Regular Articles

Cardinals vs. Pirates


Game 4 was the Michael Wacha show.  

It’s been a hell of a season for Wacha, who dazzled during Spring Training but didn’t make the team out of the gate.  But last night he started the Cardinals' most important game of the year and left every Cardinals fan doing their best imitation of the Muppets Fozzie bear (he’s the one who went Wacha-Wacha-Wacha)


As Fozzie used to say "Wacha, Wacha, Wacha"
Photo by Paul Coles, used under creative commons license.
And that’s something that Cardinals fans hope to be shouting during the NL Championship Series and even the World Series.  And why not?  Wacha has yielded a grand total of two hits in his last two starts.   

Last night’s show against the Pirates was a dazzling display of just what this youngster could become in a year or two.  For 7 1/3 innings Wacha held the Bucs to just a single hit, that a home run by Pedro Alvarez.  After that and a walk, the bullpen continued his fine work, allowing not another hit the whole day.

It was just enough because while the Pirates were limited to one hit, the Cardinals were limited to just three of them.  Luckily for them one of them was a home run by Matt Holliday right after a Carlos Beltran walk.

And if you were one of those who didn’t realize that the Pirates' Charlie Morton could pitch that well, join the club.  I’m not sure that even Charlie knew he could, and he deserved a better fate after one of his best efforts of the season.

It sets up what looks to be an interesting match up in Game 5.  The Cards will throw their ace Adam Wainwright, and the Pirates will put the hurler who best tied up St. Louis in this series, Gerrit Cole.  It will be a classic matchup, a rookie against the veteran for all the marbles.  Cole gets the call both because A.J Burnett was creamed in Game 1 of the series, and Burnett basically seems to get lit up every single time he starts in St. Louis.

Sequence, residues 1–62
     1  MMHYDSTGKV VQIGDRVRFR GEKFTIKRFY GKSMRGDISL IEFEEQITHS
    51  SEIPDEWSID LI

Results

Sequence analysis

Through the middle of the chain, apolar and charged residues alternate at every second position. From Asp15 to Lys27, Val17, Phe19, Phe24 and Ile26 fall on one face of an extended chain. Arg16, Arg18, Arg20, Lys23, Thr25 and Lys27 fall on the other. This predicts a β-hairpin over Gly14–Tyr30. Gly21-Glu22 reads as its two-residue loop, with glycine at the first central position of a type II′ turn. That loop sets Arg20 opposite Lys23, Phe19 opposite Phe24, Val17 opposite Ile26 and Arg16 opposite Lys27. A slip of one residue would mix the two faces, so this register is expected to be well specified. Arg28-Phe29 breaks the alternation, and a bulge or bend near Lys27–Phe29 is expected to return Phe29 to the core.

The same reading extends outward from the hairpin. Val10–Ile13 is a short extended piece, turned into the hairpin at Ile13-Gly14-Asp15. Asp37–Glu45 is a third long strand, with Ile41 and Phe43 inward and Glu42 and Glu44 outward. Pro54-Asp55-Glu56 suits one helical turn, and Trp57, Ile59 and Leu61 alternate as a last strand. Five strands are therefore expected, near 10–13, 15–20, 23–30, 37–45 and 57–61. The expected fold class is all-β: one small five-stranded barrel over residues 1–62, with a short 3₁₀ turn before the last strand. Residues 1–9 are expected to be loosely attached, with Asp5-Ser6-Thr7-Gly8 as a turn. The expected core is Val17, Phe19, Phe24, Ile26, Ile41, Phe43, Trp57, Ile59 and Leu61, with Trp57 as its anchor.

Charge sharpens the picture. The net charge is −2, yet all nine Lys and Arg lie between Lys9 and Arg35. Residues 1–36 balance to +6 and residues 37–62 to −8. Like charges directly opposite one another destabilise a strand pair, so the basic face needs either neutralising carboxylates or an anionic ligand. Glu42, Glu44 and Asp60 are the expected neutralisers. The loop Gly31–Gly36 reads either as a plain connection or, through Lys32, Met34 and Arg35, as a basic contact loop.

It should be a must-watch game.

Dodgers vs. Braves
And goodbye Atlanta.

The Dodger juggernaut keeps on rolling and it was the Atlanta Braves who got crushed under the wheels.  But this one wasn’t a blowout like Games 1 or 3.  The Braves had a chance to win and probably should have won.  They managed to score two unearned runs off Clayton Kershaw, who pitched on three days rest,  and went into the eighth inning with a one-run lead.

Problem is that the Dodgers can hit, and they have a lineup loaded with offensive monsters. But it wasn’t one of them who did in the Braves.  The unlikely hero was Juan Uribe, the guy who gets no press in a lineup full of superstars and who hit the two-run homer that gave the Dodgers the final lead they’d need in this series.  

Of course Carl Crawford provided the other half of the Dodgers offense, belting two solo home runs.   So I guess that star power did contribute in Game 4.  Still it's always a good sign for a playoff team when the unsung players can turn into heroes when the big guys fail to get the job done.

Now they’ll have a few days to rest and recover while waiting for the winner of the Cards-Pirates series.   And the Braves will go home and wonder how much they got beaten by the Dodgers and how much of this series was about how the beat themselves.